7. Engage in pretend play

Pretend play or dramatic play is critical for the development of language capabilities. It is discovered that children who engaged in pretend play tend to use higher forms of language than they would use in normal situations. In addition, emergent literacy skills are learnt during pretend play, especially when learning about the different situations in which requires reading and writing.

For instance, during pretend doctor and patient play, the children learn that in order to treat the patient they must be able to determine what is causing the affliction – reading a patient’s chart will help in that regard. Eventually this type of reading gives children authentic motivation to learn reading and writing for age-appropriate purposes. The elements of “fun” and “meaning” are important to unfold the intrinsic learning motivation of children.


In Conclusion

These methods are just a few ways that parents can help build their children’s vocabulary and knowledge of the world. As you can see, increasing your child’s vocabulary is not difficult at all, but it is necessary as they begin their journey to reading. In some cases, such as taking your child to the library or labelling items in your home, preplanning is required. But for the most part, helping your child learn and incorporate new words is just a natural part of your daily routine.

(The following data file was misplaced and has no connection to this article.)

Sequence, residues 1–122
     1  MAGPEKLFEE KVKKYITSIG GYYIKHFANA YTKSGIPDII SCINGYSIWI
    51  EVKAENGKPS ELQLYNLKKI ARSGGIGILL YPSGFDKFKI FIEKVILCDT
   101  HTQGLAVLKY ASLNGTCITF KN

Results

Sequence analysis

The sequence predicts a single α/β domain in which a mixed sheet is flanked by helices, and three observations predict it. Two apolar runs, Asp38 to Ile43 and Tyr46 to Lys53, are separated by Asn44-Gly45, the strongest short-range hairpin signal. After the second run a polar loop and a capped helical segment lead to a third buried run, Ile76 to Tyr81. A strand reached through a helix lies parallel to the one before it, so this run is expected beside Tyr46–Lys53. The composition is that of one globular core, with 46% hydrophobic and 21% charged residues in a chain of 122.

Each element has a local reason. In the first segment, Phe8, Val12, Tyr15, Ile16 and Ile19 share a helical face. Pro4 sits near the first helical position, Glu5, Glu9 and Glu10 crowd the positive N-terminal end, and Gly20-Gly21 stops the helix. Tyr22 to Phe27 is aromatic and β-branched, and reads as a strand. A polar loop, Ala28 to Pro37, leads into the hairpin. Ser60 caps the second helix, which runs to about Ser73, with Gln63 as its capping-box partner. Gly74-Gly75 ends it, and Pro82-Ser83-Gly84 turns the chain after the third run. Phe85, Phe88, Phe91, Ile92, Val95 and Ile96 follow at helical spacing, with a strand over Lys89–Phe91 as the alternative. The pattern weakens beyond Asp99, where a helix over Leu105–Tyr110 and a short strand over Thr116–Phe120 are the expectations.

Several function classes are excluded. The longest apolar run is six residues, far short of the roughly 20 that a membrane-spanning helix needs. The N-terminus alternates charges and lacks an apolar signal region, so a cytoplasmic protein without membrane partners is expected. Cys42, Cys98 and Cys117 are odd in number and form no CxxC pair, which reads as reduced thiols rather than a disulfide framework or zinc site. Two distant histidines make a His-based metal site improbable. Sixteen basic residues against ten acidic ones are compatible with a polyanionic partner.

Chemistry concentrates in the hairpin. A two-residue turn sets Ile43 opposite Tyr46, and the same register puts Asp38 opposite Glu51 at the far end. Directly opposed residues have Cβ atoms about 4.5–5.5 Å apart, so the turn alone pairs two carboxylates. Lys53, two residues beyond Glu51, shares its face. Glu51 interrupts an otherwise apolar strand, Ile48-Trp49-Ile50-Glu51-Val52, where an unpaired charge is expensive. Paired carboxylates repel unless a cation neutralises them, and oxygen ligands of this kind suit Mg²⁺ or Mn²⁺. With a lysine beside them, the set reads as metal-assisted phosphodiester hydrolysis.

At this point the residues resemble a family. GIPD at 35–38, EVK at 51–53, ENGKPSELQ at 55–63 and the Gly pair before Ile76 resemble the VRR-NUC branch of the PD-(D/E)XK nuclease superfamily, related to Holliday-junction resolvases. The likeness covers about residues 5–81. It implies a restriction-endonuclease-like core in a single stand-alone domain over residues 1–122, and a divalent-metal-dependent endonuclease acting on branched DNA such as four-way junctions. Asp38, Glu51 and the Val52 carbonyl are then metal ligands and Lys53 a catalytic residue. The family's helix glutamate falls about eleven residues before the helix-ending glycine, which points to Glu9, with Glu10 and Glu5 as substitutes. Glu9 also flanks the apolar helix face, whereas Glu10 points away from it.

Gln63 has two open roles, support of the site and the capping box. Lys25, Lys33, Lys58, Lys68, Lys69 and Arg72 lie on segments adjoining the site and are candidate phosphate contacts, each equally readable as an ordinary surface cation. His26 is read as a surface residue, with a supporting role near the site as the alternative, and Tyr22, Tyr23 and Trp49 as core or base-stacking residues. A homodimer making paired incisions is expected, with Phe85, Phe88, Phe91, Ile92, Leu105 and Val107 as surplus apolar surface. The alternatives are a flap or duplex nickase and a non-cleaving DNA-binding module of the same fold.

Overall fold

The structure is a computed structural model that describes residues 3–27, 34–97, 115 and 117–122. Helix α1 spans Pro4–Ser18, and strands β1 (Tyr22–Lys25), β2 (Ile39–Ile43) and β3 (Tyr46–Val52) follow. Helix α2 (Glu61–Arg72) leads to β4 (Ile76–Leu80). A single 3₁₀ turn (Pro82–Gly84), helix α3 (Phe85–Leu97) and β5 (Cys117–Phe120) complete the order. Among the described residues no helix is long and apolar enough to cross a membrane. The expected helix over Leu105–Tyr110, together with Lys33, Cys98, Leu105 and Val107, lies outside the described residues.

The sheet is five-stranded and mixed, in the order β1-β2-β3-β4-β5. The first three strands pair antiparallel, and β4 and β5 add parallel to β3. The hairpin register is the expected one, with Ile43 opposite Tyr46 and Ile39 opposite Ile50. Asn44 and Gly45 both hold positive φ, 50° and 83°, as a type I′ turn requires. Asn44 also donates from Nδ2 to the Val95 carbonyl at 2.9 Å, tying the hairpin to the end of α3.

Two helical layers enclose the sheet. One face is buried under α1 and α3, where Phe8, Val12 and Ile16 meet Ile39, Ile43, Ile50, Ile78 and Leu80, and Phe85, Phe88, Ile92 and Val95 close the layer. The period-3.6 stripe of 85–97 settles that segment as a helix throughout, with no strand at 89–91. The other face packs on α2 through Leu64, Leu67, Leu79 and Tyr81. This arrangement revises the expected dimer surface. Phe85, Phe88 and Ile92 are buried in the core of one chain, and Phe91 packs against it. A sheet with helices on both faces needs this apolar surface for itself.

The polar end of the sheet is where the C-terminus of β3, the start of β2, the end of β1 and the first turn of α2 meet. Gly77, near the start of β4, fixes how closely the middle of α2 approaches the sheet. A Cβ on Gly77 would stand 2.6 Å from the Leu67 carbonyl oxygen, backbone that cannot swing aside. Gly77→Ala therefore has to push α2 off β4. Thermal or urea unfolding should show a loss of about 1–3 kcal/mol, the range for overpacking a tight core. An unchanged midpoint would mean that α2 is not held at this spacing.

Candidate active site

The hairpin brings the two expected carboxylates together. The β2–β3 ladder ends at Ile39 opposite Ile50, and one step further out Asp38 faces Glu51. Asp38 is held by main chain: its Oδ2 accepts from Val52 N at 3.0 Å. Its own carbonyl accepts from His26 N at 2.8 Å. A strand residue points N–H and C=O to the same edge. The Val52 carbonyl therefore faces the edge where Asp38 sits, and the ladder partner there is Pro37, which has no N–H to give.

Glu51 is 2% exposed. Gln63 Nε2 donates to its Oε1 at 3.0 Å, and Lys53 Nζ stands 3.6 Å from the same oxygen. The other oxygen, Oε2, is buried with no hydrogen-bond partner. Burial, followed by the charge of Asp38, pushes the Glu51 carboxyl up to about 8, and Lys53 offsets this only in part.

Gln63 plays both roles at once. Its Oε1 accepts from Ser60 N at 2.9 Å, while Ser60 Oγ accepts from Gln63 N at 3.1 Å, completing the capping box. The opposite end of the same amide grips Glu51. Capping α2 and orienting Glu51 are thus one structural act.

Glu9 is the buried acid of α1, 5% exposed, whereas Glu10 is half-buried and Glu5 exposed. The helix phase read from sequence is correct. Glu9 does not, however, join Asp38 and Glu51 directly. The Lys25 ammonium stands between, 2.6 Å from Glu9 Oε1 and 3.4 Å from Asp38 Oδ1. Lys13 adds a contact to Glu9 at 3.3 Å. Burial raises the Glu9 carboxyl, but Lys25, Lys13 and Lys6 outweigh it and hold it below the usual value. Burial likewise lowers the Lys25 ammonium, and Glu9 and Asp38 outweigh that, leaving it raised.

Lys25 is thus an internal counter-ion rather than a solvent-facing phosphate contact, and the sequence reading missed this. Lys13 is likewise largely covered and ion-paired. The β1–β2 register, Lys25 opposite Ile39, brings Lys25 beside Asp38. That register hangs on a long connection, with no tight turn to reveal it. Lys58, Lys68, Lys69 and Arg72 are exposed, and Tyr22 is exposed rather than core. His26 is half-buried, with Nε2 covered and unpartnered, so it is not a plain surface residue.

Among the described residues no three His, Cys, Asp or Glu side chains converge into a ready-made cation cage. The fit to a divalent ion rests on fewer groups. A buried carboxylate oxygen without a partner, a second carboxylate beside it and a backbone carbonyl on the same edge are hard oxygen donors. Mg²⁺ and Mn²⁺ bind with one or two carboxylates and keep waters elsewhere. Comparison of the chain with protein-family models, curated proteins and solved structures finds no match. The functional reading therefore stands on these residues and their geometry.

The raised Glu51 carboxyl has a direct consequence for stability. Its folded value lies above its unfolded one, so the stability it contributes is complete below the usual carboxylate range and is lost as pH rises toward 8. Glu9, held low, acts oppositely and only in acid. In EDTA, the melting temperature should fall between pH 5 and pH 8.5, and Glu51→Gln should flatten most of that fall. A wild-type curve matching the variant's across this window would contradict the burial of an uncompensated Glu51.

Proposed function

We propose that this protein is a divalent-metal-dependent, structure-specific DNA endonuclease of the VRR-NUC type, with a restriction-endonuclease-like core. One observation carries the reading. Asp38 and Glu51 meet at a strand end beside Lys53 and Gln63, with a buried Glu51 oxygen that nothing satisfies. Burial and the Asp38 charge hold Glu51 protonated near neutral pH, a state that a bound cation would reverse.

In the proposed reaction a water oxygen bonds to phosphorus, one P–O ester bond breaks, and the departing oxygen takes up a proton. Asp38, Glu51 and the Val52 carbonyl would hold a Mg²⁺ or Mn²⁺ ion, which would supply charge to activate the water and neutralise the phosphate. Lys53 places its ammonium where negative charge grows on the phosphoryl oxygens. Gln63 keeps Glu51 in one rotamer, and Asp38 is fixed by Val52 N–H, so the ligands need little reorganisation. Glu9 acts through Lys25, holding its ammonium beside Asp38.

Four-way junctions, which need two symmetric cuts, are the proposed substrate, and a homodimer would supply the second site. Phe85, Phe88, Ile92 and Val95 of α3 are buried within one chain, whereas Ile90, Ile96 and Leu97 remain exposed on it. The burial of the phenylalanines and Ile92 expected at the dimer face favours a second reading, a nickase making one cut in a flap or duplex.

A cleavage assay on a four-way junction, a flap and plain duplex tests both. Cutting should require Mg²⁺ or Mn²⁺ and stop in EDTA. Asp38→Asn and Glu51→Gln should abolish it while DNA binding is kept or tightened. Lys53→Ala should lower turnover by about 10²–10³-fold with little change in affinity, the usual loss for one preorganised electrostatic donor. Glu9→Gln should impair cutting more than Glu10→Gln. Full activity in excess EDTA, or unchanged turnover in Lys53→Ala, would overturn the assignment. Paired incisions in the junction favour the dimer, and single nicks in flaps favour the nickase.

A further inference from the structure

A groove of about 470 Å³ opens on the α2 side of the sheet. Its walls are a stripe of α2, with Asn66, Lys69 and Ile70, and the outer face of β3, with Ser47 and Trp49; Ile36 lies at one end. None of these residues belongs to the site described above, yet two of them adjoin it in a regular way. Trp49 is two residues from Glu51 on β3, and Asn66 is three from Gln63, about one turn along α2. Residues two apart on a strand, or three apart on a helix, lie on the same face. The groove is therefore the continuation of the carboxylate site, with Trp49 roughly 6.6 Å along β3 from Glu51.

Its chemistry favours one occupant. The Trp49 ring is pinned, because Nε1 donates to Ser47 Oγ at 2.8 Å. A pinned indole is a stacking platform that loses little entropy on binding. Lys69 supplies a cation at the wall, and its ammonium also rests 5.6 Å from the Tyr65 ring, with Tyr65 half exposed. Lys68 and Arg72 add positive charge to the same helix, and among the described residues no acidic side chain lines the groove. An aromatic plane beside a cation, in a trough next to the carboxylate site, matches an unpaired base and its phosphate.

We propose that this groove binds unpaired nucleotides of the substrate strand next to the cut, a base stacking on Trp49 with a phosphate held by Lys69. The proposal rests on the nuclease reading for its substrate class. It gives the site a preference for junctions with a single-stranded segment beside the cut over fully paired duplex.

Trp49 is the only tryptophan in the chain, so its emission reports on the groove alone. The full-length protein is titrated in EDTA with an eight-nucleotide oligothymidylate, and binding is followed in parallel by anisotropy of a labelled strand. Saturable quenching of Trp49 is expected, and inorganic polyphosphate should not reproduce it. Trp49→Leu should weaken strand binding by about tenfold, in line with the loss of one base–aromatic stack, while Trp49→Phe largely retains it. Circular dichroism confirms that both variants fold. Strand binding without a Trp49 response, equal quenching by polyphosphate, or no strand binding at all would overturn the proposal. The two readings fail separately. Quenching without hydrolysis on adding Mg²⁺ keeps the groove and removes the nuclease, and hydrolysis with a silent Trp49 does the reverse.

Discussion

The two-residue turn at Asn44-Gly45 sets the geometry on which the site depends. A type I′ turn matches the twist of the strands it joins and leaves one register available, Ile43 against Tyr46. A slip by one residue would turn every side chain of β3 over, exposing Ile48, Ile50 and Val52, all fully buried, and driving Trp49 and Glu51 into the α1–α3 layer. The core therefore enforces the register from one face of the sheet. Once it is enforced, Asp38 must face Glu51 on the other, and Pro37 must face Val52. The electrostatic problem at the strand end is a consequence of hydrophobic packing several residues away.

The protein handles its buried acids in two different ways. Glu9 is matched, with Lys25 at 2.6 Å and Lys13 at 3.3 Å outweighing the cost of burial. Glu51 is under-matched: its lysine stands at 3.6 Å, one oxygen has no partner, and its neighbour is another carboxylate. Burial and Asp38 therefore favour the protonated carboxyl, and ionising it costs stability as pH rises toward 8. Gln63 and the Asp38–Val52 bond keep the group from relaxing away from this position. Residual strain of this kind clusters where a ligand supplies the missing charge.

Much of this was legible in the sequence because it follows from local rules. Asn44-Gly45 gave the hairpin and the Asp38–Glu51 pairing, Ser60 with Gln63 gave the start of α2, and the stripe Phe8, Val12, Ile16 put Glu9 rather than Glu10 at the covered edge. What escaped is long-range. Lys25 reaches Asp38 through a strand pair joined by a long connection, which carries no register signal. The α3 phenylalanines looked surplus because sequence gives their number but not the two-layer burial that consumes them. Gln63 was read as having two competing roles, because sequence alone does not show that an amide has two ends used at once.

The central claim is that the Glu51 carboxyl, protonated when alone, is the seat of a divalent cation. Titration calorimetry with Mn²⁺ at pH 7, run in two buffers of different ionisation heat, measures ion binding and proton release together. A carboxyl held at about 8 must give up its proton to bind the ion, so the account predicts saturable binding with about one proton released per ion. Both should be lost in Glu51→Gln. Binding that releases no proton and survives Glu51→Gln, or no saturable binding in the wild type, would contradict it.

In your search for a preschool for your child, do consider one that provide your child with a solid foundation in early literacy. At Mulberry Learning, our Literacy Fun™ programme allows your child to develop an expressive vocabulary of more than 4,500 words by the age of six. With books by world-class authors and readers from the renowned Rigby Star Phonics programme for your child to indulge in, they will hone their early reading, listening, speaking and writing skills through a myriad of fun activities.

About Mulberry Learning

At Mulberry Learning, no effort was spared in crafting a truly unique preschool programme that incorporates the Reggio Emilia methodology, Habits of Mind™ framework and Multiple Intelligences.

Voted Singapore’s “Best Holistic Learning Programme” and recently featured by the Straits Times, Business Times, CNA and The Smart Local, Mulberry Learning is the only preschool in Singapore and the world to be certified by the USA for the “Habits of Mind”, the same intelligent thinking framework used by M.O.E. to groom the brightest Primary School students in the Gifted Education Programme!

Schedule a personalized tour with us to discover how Mulberry Learning helps your child become a confident communicator, independent thinker and a passionate lifelong learner.